Jun. 3, 2004
A Strange new Cottage in Berkeley
Poem: "A Strange New Cottage in Berkeley," by Allen Ginsberg, from Collected Poems 1947-1980. © Harper and Row. Reprinted with permission.
A Strange New Cottage in Berkeley
All afternoon cutting bramble blackberries off a tottering brown fence
under a low branc with its rotten old apricots miscellaneous under the leaves,
fixing the drip in the intricate gut machinery of a new toilet;
found a good coffeepot in the vines by the porch, rolled a big tire out of the scarlet bushes, hid my marijuana;
wet the flowers, playing the sunlit water each to each, returning for godly extra drops for the stringbeans and daisies;
three times walked round the grass and sighed absently:
my reward, when the garden fed me its plums from the form of a small tree in the corner,
an angel thoughtful of my stomach, and my dry and lovelorn tongue.
Literary and Historical Notes:
It's the birthday of novelist Larry McMurtry, born in Wichita Falls, Texas (1936). He wrote his first novel, Horseman, Pass By (1961), when he was just twenty-two years old. It's narrated by a seventeen-year-old boy who is witnessing the end of the Old West, and it was made into a movie called Hud (1963), which won an Academy Award. Terms of Endearment, The Last Picture Show and Lonesome Dove were also made into popular movies.
It's the birthday of poet Allen Ginsberg, born in Newark, New Jersey (1926). He came from a family of Russian-Jewish immigrants; his father was a high school teacher and a poet, and his mother struggled with mental illness her entire life. Ginsberg fell in love with the poetry of Walt Whitman when he was in high school, after hearing his English teacher read a passage from Whitman's "Song of Myself" to the class. He later said that he would never forget his teacher's "black-dressed bulk seated squat behind an English class desk, her embroidered collar, her voice powerful and high . . . so enthusiastic and joyous . . . so confident and lifted with laughter."
He went to Columbia University, planning to take pre-law classes and become a lawyer like his brother, but he switched his major to English after taking a Great Books class from the critic Lionel Trilling. He fell in with a group of poets and artists that included Jack Kerouac, Neal Cassady, and William S. Burroughs. They read poetry to each other and took drugs and had all-night conversations, and sometime in the late '40s they started calling themselves "Beats."
When Ginsberg was twenty-six years old, he was sitting in his apartment in Harlem when he suddenly had a vision of William Blake. He told friends and family that he had found God. He said, "My body suddenly felt light, and [I felt] a sense of cosmic consciousness, vibrations, understanding, awe, and wonder and surprise. And it was a sudden awakening into a totally deeper real universe than I'd been existing in." But Ginsberg still wasn't sure that he wanted to be a poet after he graduated from Columbia. He worked as an apprentice book reviewer for Newsweek magazine for a time, and then he spent five years working for an advertising agency in an office in the Empire State Building. In 1955, he and his psychiatrist decided he would be happier writing poetry. He took six months of unemployment insurance money and moved to San Francisco, where he became part of the poetry scene that included Gary Snyder, Philip Whalen, and Lawrence Ferlinghetti. In October of 1955, he read his poem "Howl" to a large group of people at the Six Gallery in San Francisco. It was a huge success, and it launched a writing career that lasted over forty years.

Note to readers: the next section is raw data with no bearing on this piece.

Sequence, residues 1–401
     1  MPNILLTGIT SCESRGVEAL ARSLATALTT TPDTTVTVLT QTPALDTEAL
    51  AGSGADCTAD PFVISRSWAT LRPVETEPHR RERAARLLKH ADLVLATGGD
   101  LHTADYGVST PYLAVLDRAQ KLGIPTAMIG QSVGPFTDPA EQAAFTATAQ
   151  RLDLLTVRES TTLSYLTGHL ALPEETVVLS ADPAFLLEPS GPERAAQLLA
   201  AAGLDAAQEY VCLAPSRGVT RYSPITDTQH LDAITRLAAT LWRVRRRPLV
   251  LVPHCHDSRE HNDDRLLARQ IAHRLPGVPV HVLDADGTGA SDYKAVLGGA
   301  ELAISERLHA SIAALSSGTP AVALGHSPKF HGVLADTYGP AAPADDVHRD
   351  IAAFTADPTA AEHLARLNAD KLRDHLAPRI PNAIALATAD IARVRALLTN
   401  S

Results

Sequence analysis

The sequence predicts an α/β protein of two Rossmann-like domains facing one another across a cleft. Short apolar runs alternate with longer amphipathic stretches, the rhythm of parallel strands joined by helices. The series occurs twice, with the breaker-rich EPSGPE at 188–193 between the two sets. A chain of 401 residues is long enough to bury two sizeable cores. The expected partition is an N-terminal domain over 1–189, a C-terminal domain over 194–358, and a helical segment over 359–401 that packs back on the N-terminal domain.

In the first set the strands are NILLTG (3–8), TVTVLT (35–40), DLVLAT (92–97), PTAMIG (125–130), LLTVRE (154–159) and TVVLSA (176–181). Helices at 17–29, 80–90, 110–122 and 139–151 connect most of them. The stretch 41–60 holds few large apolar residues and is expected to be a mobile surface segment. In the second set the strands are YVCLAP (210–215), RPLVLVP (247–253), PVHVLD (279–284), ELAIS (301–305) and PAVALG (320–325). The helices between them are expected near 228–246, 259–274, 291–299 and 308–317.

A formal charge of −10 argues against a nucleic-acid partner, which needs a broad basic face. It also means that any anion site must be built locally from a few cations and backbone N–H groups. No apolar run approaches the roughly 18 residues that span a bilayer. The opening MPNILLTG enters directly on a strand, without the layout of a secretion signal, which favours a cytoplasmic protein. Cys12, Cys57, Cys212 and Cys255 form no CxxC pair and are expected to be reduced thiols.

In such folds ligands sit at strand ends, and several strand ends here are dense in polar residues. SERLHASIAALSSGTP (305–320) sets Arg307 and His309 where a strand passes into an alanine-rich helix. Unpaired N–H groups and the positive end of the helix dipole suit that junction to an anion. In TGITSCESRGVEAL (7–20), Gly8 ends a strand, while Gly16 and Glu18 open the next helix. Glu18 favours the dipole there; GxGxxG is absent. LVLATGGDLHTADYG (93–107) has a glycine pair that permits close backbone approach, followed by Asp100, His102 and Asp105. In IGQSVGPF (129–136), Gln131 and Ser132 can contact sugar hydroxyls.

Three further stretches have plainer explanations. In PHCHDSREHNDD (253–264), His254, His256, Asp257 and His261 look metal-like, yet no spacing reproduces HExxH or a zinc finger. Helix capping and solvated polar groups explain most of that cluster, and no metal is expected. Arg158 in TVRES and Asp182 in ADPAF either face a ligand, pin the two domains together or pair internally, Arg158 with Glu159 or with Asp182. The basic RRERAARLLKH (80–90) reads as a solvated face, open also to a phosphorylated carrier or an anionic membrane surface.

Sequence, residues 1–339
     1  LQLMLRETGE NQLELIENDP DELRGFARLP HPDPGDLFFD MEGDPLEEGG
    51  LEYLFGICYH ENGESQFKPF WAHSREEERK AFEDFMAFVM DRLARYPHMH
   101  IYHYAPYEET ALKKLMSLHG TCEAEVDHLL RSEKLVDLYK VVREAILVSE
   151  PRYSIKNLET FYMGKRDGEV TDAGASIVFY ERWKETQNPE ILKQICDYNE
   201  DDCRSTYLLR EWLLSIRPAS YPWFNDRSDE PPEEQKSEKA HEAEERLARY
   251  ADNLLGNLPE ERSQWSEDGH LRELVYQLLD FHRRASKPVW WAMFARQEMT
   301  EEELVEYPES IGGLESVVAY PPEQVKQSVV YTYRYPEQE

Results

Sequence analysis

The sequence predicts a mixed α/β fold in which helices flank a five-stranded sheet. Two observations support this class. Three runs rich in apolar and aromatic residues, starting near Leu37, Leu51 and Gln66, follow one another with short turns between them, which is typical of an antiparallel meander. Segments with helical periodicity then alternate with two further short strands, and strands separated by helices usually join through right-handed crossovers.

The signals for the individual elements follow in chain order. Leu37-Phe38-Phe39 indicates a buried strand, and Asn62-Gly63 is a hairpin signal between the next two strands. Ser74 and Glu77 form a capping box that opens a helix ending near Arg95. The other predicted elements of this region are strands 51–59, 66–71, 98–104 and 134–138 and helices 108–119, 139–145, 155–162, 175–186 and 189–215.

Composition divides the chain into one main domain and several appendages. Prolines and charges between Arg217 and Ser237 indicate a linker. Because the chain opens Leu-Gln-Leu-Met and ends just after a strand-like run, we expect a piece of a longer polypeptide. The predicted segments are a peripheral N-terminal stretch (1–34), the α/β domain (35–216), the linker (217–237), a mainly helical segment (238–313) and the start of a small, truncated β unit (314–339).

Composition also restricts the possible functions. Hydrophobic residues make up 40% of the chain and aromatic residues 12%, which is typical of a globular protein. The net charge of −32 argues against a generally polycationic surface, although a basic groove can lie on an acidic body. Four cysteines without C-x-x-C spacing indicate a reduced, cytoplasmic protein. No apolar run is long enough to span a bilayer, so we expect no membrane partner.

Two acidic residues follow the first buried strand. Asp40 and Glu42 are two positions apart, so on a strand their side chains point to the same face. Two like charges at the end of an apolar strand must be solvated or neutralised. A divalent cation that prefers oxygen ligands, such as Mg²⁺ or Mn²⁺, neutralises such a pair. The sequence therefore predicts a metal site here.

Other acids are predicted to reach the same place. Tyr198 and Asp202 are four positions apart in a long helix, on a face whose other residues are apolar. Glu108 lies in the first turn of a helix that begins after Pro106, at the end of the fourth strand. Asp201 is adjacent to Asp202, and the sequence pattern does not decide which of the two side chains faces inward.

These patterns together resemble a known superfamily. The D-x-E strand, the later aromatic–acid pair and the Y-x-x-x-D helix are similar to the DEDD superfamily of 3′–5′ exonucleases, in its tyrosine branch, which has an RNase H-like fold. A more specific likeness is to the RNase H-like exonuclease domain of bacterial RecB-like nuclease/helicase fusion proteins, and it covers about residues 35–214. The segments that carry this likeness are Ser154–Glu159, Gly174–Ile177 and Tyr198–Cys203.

"I saw the best minds of my generation destroyed by madness, starving hysterical naked, dragging themselves through the negro streets at dawn looking for an angry fix, angelheaded hipsters burning for the ancient heavenly connection to the starry dynamo in the machinery of night . . ."
Ginsberg wrote, "I want to be known as the most brilliant man in America . . . who sang a blues made rock stars weep . . . who called the Justice department & threaten'd to Blow the Whistle / Stopt Wars . . . distributed monies to poor poets & nourished imaginative genius of the land."
He said, "Poetry is the one place where people can speak their original human mind. It is the outlet for people to say in public what is known in private."
Be well, do good work, and keep in touch.®